SKOWHEGAN — A few times each football season, Skowhegan Area High School head coach Ryan Libby self scouts his team. When Libby looks at his offense this season, one thing stands out to him.

“After five weeks, we had called 133 run plays, 133 pass plays,” Libby said.

Even accounting for mislabeled plays on the call sheet, that offensive harmony is exactly what Libby and Skowhegan are looking for. Coming off a season in which Skowhegan’s offense was heavily reliant on the pass — often skewed 70 percent pass, 30 percent run — Libby said, the balance gives opposing defenses more to consider. While Skowhegan isn’t putting up video game-like stats through the air anymore, the Indians are still winning. At 4-2 (4-0 in Pine Tree Conference Class B games), Skowhegan sits in first place in the conference Heal Point standings, with games at Lawrence and home against Mt. Blue to round out the regular season.

“We’re just trying to do whatever we can do to get the win. We’re making adjustments during the game that give us the best chance to win. I just do what they tell me to do and go with it,” quarterback Marcus Christopher said.

Through six games last season, Christopher has passing stats rarely seen in Maine high school football. He had 1,639 yards, with 22 touchdowns and just three interceptions. Through the first six games of the 2017 season, Christopher threw for more than 400 yards three times. Part of that was out of necessity. The Indians were in a number of high-scoring shootouts that required Christopher to sling it all over the field to a talented group of receivers.

With the graduation of three of those wideouts — Jon Bell, Cam Barnes, and Sean Savage — things had to change this season. That trio combined for 114 catches for 1,712 yards and 27 touchdowns last season, and Libby knew that production would be hard to duplicate.

“We’ve got talented guys across the board. We just don’t have that speed and that same sort of explosive play capability,” Libby said. “In terms of play calling, we can’t rely on the stay screen going for 70 yards… It may have took Marcus a little time to realize, ‘Oh, I don’t have the studs I had last year.’ But the kid’s so smart. He really understands our system well enough to know, ‘OK this read’s not here, I’ll go to my checkdown. I can tuck it and run if I need to.'”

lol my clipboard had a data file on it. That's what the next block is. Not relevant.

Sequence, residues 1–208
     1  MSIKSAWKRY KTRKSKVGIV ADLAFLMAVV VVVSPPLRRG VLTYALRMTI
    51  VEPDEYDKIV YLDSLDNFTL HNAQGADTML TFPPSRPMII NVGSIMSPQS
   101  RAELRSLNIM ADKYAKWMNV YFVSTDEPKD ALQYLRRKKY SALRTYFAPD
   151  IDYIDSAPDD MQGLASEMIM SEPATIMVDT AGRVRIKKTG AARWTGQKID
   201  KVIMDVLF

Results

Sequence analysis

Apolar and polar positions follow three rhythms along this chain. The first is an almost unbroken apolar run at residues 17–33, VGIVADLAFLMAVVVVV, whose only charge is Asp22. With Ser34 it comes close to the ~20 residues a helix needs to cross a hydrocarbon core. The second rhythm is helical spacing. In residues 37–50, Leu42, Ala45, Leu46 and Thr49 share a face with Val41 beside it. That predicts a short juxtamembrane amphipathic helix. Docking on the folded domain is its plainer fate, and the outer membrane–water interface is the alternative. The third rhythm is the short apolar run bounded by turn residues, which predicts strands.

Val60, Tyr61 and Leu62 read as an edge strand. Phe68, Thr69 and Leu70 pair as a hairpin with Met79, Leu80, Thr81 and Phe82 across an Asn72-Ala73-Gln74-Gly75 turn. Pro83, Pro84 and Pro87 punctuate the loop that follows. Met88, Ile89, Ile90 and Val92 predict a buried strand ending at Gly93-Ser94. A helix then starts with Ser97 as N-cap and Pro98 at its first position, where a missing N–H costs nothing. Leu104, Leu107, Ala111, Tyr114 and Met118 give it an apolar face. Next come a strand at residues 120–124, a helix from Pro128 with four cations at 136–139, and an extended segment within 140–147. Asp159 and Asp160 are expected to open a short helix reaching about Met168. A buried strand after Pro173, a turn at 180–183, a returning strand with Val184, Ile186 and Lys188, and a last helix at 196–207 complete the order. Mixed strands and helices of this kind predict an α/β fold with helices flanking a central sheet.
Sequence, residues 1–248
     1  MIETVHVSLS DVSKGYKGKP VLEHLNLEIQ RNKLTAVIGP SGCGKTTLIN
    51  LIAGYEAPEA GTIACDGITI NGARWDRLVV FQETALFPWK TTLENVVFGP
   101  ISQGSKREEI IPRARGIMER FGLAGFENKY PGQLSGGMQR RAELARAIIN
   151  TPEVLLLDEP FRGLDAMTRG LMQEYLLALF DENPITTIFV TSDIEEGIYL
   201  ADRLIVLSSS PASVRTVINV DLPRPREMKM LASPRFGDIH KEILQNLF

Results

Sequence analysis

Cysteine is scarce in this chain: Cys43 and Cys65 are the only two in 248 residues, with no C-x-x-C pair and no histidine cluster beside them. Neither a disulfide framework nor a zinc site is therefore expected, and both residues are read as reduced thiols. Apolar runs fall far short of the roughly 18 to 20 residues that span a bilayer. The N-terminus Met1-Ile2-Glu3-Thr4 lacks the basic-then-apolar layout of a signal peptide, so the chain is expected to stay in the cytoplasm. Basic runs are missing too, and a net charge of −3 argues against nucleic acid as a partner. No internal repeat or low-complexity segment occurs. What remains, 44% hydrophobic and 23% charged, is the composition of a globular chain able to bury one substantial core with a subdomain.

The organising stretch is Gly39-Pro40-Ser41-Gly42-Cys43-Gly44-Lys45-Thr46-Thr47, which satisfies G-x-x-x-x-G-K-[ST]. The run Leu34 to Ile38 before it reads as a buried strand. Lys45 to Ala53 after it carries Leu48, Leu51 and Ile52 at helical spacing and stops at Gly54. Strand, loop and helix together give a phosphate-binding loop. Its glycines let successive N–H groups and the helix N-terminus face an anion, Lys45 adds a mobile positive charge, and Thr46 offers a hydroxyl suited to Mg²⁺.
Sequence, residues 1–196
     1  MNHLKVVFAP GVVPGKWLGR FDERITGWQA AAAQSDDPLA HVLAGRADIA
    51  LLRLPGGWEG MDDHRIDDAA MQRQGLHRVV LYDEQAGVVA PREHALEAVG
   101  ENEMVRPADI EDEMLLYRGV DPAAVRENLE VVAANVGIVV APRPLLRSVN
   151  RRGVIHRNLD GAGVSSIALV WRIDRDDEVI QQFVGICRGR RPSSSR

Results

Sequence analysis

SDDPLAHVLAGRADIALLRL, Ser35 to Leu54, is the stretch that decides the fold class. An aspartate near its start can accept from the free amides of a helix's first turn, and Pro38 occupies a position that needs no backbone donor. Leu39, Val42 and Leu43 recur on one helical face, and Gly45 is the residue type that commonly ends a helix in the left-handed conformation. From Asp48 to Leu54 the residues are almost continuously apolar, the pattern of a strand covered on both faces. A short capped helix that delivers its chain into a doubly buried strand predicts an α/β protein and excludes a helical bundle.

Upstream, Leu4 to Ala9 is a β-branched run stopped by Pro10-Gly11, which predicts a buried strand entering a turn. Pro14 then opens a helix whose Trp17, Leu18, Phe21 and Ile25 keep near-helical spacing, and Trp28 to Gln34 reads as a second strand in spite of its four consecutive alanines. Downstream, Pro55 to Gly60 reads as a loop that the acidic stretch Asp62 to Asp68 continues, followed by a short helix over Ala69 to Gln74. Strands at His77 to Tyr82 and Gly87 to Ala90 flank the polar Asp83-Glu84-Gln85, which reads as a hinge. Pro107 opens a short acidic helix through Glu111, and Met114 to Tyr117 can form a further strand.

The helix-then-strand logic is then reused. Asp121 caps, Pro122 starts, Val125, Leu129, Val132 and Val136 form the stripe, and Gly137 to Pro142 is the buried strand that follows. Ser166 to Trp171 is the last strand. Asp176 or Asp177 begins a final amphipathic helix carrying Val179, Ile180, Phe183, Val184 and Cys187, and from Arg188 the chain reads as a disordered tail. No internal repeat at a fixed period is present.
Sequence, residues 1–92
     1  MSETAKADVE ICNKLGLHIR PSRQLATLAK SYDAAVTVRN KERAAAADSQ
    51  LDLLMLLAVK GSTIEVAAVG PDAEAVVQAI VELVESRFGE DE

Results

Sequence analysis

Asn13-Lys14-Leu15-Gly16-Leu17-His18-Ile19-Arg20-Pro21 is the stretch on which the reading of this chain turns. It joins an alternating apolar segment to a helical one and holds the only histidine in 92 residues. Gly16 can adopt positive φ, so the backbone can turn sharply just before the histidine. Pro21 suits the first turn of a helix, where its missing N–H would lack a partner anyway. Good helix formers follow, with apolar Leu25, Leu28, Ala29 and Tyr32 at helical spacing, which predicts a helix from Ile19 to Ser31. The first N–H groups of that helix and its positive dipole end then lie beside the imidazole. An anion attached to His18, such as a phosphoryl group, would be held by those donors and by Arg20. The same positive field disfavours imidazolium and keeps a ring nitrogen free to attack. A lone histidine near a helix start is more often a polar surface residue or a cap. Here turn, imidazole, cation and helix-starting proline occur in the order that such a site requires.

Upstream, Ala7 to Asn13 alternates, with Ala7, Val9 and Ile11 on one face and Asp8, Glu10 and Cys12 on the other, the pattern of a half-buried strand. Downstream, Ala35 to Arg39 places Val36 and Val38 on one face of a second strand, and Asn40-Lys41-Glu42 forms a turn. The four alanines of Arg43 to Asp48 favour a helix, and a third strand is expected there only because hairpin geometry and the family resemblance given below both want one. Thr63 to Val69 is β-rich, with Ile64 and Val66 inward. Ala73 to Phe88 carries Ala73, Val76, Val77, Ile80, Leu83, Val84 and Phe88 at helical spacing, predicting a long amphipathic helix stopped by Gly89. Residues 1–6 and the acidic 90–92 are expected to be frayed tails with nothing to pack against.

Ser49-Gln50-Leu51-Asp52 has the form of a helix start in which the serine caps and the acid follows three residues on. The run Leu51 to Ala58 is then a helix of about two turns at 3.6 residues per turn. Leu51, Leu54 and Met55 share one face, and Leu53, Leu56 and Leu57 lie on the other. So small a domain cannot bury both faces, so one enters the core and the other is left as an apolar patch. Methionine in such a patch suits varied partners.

Colby Miller (21 catches for 332 yards, four touchdowns) and Aidan Louder (13 catches for 301 yards, three touchdowns) lead Skowhegan’s revamped receiving corps. It took a little time for Christopher to get in sync with his new targets, but it started to come together in week two’s 29-26 come from behind win over Brunswick. Down 20-0 in the first quarter, the Indians rallied. Christopher finished with 308 yards passing and four touchdowns, including a 60 yard touchdown pass to Louder early in the fourth quarter to give Skowhegan the lead for good.

Staff file photo by Joe Phelan Skowhegan’s Hunter Washburn, left, catches a pass from Marcus Christopher during a Pine Tree Conference game earlier this season in Augusta.

“It’s definitely tougher, kind of picking up the slack from the guys from last year. With Marcus showing me what to do and the coaches helping out, it definitely got a lot easier than it was at the beginning of the season,” Miller said.

Christopher still has strong passing numbers, completing 63.3 percent (81 for 128) for 1,203 yards and 13 touchdowns with just three picks, but he’s also added a ground dimension to his game, with 34 carries for 341 yards and two touchdowns. Through six games last season, Christopher had run for minus-5 yards without a score.

“His ability to run the ball this year has really been a plus,” Libby said. “His dedication in the off season helped that. I think he picked up a little speed. He’s a big kid. He’s one of the biggest kids we have offensively. So if he’s going to be able to keep (the ball) more, and get his body going forward, that’s a plus for us. He’s just had the wherewithal to do it more this year.”

Added Christopher: “I wouldn’t necessarily say it’s drawn up runs. It’s just kind of making plays. I’m just doing whatever I can to get us a touchdown, first down, whatever we need.”

The development of running back Hunter Washburn has also been a key to Skowhegan’s offensive remake. Last season, Washburn had 72 carries through six games. This season, Washburn has 100 carries for 335 yards and five touchdowns, as well as 15 catches for 162 yards and two more scores. To Washburn, this season has been about trusting the offensive line.

“Last year I was trying to pick my own holes. Now I realize holes are being made for me,” Washburn said.

“Hunter’s just become a little more consistent. Another year getting a little bit more physically mature. This preseason, he kind of took over that role,” Libby said. “There was no real conversation about who was going to get the majority of the carries. We knew it was going to be Hunter.”

Travis Lazarczyk — 861-9242

[email protected]

Twitter: @TLazarczykMTM

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